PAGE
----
BY GLORIA WATSON
For those who don’t know, Erasmus+ is an education program launched by the European Union that encourages knowledge exchanges between different countries. Erasmus+ is a mobility project, which involves 33 countries from which 28 are part of the European Union. Other countries in the world are open to short partnerships as well. The program is based on international mobility for students. The educational exchanges are short-term, ranging from 3 to 12 months. Each discipline that will be studied at the partner university has a certain number of credits that contributes to the student’s degree. The budgets offered vary depending on the part of the world that is selected for the mobility program. Take this chance and you can be part of Egypt tours or other travel experiences you didn’t have the chance to try until now.
For US students, besides the regular international credit mobility program, students can also join the Erasmus Mundus Join Master Degrees which refer to studying for a full degree in a partner country. The program covers tuition costs, travel costs and even the living allowance. It is called joint master because the student will receive a double degree after ending the programme. Erasmus Mundus has North America partners since 2014. Some of the partner universities are University of Massachusetts, Michigan, Virginia, Clarkson and California. Until 2017, 11 institutions were full partners for the program. Students from US can visit the partner institutions in Europe, which are the same as in the Erasmus+ programme, separated by regions. You should consult these regions here. The US and Canada are included in Region 13. Students from the US that never got the chance to visit Europe should take advantage of this financed program and expand their studies in a country of their choice.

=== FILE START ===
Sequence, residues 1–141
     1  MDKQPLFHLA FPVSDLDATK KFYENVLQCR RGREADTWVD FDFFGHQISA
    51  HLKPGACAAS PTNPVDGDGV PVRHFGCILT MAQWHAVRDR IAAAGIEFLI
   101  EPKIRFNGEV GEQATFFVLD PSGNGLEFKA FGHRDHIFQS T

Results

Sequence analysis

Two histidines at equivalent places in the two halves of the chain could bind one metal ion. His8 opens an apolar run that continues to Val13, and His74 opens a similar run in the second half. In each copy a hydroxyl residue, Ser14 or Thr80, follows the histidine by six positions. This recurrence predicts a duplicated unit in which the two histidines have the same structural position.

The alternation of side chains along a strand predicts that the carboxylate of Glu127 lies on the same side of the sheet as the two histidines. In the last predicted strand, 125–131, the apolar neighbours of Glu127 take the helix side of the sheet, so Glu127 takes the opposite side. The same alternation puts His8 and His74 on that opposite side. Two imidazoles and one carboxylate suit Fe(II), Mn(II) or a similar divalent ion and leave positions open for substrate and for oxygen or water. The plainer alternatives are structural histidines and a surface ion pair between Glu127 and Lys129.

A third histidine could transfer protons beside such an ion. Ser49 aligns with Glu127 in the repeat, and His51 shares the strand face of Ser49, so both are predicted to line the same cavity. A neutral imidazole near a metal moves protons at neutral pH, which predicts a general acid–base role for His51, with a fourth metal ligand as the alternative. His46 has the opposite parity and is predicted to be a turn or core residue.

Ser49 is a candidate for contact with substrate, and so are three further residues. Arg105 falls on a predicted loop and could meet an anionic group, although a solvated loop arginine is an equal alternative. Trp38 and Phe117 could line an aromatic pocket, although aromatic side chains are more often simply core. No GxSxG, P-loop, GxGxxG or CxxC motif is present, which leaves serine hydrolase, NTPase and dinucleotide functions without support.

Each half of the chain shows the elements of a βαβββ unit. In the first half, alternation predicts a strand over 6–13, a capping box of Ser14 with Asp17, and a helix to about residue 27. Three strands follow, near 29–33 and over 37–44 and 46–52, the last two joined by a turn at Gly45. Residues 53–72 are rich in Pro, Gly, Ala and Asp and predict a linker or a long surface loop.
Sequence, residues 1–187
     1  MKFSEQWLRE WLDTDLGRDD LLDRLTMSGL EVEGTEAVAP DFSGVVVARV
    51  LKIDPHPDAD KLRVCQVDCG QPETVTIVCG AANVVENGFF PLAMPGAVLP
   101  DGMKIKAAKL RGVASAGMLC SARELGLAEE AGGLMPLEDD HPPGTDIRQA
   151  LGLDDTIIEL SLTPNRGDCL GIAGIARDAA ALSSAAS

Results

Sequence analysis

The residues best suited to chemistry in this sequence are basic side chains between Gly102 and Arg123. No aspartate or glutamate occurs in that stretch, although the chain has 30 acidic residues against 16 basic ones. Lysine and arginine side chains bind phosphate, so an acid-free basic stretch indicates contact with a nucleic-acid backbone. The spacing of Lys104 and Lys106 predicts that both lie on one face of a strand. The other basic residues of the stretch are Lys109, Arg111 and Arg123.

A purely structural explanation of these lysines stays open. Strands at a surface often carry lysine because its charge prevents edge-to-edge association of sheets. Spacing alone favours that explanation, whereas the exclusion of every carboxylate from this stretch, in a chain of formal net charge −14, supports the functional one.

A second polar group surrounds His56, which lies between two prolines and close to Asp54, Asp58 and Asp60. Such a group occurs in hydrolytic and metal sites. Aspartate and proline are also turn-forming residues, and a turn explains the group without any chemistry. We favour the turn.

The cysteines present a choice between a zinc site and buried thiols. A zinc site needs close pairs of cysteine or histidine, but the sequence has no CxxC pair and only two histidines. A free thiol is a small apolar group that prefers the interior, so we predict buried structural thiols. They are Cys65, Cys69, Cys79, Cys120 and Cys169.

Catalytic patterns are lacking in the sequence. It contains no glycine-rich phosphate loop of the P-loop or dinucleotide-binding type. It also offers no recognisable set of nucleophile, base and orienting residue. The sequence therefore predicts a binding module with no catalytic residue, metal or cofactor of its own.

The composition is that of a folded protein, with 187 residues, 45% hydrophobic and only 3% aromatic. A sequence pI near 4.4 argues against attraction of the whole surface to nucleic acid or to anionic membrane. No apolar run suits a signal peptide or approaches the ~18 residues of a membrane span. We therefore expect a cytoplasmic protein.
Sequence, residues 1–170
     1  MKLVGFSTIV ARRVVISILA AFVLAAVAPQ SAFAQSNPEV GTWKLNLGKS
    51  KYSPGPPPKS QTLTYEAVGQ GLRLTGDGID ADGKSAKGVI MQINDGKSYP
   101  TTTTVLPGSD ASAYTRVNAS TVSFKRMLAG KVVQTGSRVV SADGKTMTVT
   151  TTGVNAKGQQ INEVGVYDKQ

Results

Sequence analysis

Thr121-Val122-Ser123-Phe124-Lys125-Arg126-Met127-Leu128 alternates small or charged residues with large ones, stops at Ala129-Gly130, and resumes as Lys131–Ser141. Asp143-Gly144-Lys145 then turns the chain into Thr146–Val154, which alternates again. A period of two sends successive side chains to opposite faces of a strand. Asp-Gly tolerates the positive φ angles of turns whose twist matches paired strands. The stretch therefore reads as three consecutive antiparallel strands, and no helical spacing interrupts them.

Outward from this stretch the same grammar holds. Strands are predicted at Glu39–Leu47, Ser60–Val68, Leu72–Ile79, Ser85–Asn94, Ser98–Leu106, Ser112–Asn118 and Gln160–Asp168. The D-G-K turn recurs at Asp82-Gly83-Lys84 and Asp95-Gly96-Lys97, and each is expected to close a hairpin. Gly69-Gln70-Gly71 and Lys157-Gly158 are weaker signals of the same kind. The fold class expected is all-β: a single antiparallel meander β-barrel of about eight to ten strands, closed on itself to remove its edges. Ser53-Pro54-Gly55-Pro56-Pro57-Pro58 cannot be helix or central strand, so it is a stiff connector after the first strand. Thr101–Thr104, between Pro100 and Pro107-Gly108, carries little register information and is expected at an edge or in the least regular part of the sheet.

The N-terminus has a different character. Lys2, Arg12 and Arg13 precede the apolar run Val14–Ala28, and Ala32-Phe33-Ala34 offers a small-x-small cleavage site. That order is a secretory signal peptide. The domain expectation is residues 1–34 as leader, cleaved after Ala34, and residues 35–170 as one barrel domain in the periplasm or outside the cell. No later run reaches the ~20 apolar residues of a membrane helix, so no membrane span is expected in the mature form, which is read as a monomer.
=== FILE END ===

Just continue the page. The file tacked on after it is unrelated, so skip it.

Among the non-EU countries, students can choose Egypt, a South-Mediterranean country in Region 3 of the Partner Countries. Egypt is a great destination for an Erasmus+ international mobility because not many people get to visit it. The Erasmus+ Office in Egypt provided students with an extensive guide that helps them understand the programme and the list of opportunities they have in this country. Beside organizational details, priorities of the programme, funding, and other details related to the participation of students in Erasmus+, they should also get informed about the country they will visit for the academic exchange. Don’t forget to read the Erasmus+ Programme Guide that includes details related to admission. Considering this aspect, here are some activities to try, places to visit and things to learn when visiting Egypt through Erasmus+:
Choose your partner university
Before researching anything else, you should select the partner university in Egypt that will host you for the whole period of the exchange. The participating universities in Egypt for Erasmus+ are:
- University of Alexandria
- Zagazig University of Egypt
- Cairo University
- Al-Azhar University
- Helwan University
From this list, the universities in Cairo and Alexandria offer the most numerous possibilities and opportunities to learn more about Egypt’s history and culture.